Value Stream Mapping and Lean Thinking in Developing Patient Care

The earliest pioneers in the manufacturing industry who developed the concept of lean thinking were Kiichiro Toyoda, Taiichi Ohno, and others in Toyota who looked at the vehicle manufacturing production lines available in the 1930’s and invented the Toyota Production System. They essentially shifted the focus of the manufacturing engineer from individual machines and their utilisation to the flow of a product through an entire process.

Simply put, “Lean Thinking” implies, using less to do more. This concept of lean thinking has led to the great success of Toyota which is the world’s largest car manufacturer in terms of overall sales. The success of Toyota has lead to the concept of lean thinking to spread across the world. It is a management strategy that is applicable to all organizations, as it is to do with improving processes. Leaders in fields such as construction, maintenance, retail, services, Information technology, logistics and distribution, healthcare and even government, have adapted and applied these tools and principles to improve their own fields. This concept is taking root among senior managers and leaders in all sectors today.

Lean thinking is already being applied to various aspects of health care. Although they appear very different, there are remarkably many similarities between manufacturing and healthcare. Whether building a car or providing healthcare to a patient, the people involved must rely on a variety of complex processes to accomplish tasks and provide value to a customer or a patient.

By identifying all the steps in these complex processes and removing the steps that do not add value, one can create lean processes. In essence, the aim of lean thinking is to identify value-added steps in any process, retain them and remove all non-value-added steps, so as to reduce waste.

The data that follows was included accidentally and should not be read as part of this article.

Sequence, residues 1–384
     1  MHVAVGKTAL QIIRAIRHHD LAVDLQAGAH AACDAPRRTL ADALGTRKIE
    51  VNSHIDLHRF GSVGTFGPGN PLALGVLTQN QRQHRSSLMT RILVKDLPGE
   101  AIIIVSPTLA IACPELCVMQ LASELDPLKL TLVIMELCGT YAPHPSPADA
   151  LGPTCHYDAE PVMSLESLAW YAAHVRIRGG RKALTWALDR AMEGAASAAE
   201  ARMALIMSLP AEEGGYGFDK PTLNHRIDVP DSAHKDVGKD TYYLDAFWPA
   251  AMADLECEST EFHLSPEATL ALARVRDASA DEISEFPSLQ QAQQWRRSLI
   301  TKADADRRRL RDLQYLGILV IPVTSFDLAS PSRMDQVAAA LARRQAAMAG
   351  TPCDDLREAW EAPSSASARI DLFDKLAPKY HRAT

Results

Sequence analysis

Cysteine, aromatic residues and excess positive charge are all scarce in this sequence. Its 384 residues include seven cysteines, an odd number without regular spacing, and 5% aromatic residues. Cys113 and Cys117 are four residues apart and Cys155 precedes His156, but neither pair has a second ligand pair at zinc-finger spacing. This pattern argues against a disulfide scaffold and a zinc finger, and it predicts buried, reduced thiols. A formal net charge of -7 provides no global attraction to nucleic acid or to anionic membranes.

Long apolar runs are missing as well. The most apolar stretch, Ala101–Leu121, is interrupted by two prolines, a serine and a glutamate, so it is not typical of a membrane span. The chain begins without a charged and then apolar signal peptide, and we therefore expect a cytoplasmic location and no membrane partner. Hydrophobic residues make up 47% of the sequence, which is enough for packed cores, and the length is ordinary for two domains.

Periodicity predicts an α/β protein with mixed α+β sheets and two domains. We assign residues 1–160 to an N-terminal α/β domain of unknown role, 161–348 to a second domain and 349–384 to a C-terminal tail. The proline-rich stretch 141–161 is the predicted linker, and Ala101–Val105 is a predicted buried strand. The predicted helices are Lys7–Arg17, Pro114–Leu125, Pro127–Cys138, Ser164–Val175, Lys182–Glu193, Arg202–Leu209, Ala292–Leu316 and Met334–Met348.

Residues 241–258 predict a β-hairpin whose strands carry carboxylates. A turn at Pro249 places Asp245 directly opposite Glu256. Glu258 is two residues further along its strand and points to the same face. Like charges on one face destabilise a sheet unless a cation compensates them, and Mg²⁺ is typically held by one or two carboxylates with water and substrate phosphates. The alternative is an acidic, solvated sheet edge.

In essence, the aim of lean thinking is to identify value-added steps in any process, retain them and remove all non-value-added steps, so as to reduce waste

Waste can be of many forms – money, time, supplies or good will. This will lead to a positive impact on quantity and quality of providing healthcare by improving productivity, reducing cost, improving quality and timely delivery of services. When applied in an entire healthcare organization lean thinking can have a dramatic impact on productivity, cost and quality.

Value Stream Mapping (VSM)

To develop lean healthcare, as in manufacturing, it involves, a methodology of value stream mapping – diagramming and analyzing services (value streams) into their component steps and eliminating any steps (or even entire groups of steps or value streams) that do not deliver value.

Flow is one of the fundamental concepts of value stream where waste is eliminated and where processes merge into each other, so that there is a smooth flow in the system. The focus is not on waste, but, on waste reduction and flow. The concept is applied to the system as a whole, so that, the benefits are optimised.

The concept of lean thinking and value stream mapping are very much suited for pull systems (or demand-driven systems), as is healthcare. Here, the initial request for a service is initiated by the patient and that in turn initiates pull in the system. For example, a patient is sent to the surgeon with a problem requiring surgery. This in turn initiates requests for investigations and other consultations.